I’m using this library to talk to the screen but noticed that a full display update takes ~20-30ms during which I cannot talk to the ADC sensors. To fix this, I changed the library and implemented partial screen updates. Now I can call screen->displayIncremental(1000) and the class will send incremental lines to the screen for 1000 microseconds (1 millisecond). The overall FPS is the same as with full updates but I get to do other things while the display is being updated. To avoid tearing I also added double buffering to the class and an explicit swap method.

The end result is a 40-45 screen updates per second but each update is split in 12-13 partial uploads with ADC readings in the middle. So I can sample the ADC at ~600Hz which is more than enough for a RC system.

The RC has 13 buttons and 2 rotary encoders requiring a total of 17 GPIO. Since I didn’t have enough I ended up grouping the 13 buttons in a matrix of 4×4 following this tutorial. This allows me to reduce the number of GPIO to 12 (8 for the matrix and 4 for the rotary encoders). I implemented the matrix reading using PIGPIO and added some debounce code to avoid detecting ghost presses/releases. Seems to work great and it’s very fast.


Most of the HW is done and it’s a mess of wires. I’m working now on some videos of potting it together, making the connections and the calibration.

The next step is to work on the phone app to receive the video feed, although I think I will give the quad a test – line of sight.

I really want to fly soon.

RC Case

I finished designing the case that will fit the silkopter RC system.

Here’s how it looks like:



  1. Raspberry Pi3
  2. Official Raspberry Pi 7″ touchscreen
  3. A 3 axis gimbal stick for the yaw/pitch/roll
  4. A ADS1115 ADC to sample the sticks and the throttle fader
  5. A motorized 10K fader for the throttle
  6. A brushed Pololu motor controller. Pololu modules are awesome btw
  7. 2 clickable rotary encoders to tune custom parameters like PIDS
  8. 2 switches to save/restore the custom parameters
  9. 7 push buttons to change flight modes, RTH and other cool things


The case is pretty big due to the screen. It’s 22.3 cm tall, 19.5 cm wide and 4.4 cm deep – so I couldn’t print it in one piece on my Prusa I3 printer. So I had to split in in a few pieces, print each one and them glue them together.

After a few failed prints, here’s the end result:




I’m painting it now with matte black paint and tomorrow I will put all the components together.

The only problem I’m having now is that I broke my touchscreen while fitting it in the case so I need to order another one.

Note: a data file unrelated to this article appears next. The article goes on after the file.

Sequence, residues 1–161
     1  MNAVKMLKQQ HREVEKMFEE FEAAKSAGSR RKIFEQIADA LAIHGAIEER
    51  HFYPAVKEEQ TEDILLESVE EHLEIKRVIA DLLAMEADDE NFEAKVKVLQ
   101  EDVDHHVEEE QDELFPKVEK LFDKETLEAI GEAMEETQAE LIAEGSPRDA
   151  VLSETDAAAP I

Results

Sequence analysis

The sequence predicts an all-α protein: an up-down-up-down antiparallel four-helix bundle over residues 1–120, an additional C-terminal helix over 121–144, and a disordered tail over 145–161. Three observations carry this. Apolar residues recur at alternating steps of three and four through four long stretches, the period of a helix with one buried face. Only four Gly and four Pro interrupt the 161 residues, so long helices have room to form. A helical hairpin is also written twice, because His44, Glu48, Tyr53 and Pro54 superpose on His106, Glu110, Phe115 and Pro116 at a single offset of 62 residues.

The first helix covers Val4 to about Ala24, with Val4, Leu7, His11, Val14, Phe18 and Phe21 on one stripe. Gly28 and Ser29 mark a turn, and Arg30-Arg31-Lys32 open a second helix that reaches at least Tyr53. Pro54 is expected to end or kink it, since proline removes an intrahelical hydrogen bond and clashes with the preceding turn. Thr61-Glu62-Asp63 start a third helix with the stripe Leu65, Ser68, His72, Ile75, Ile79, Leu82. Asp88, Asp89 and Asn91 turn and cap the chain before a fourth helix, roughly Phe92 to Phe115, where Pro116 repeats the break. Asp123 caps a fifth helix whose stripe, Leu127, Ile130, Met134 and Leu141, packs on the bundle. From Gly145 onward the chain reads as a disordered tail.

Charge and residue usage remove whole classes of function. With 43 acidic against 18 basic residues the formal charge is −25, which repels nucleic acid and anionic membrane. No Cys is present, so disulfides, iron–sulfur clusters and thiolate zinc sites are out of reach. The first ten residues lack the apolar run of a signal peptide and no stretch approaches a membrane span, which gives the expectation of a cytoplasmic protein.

Binary Releases

I decided to start making binary releases available for everyone to download.

Here’s the first one – the GS and the brain binaries:

I’ll write a new post later today or tomorrow about the install steps and how to get it working.

Note this is not finishes for flying, it’s an experimental release of the new version of Silkopter that can be used to debug sensors and test most of the nodes.



Silkopter FC

Finally, after some DHL delivery trouble the boards arrived:


After watching a few tutorials I immediately tried soldering the most difficult part – the MPU9250 chip. Turns out – if you don’t have the right flux type it’s impossible. I managed to ruin 2 boards in the process and broken 1 chip…

broken pcb

Notice the PCB changing color next to the IMU I2C pins and the ‘dry’ look. The pin header holes are also darker than the others due to the heat.


2 days later my new flux came: Chip Quick SMD291 ordered from farnell. This time it went much better as I was able to solder 2 chips in 5 minutes, from the first try. The trick is that tacky solder flux doesn’t evaporate from the hot air and keeps the chip floating while the solder melts (and prevents oxidation). When the solder flows, the chip kinda snaps into place and that’s it. In my first tries I used a flux pen that dried immediately and the friction between the chip and the PCB was greater than the solder surface tension – preventing the chip from snapping into place.

So this is the board almost complete, except for the ADS1115 ADC that didn’t arrive still:

final pcb


The last few days I spent trying to get the RF4463 chip to respond on SPI1. I expected surprises and I got them:

  • first of all, activating SPI1 on a RPI3B results in boot times of 2 minutes due to an interrupt issue with the UART driver. Solution: disable the bluetooth and use ttyAMA0 instead of ttyS0
  • next I simply couldn’t get the chip to respond at all. 2 days I spent on this until I went back to the schematic thinking the wiring is not ok. Then I realized that the chip select is connected to CS2 which is GPIO 16 but the SPI1 overlay I used uses GPIO 18 as CS. Duh! Solved by adding dtoverlay=spi1-1cs,cs0_pin=16 in /boot/config.txt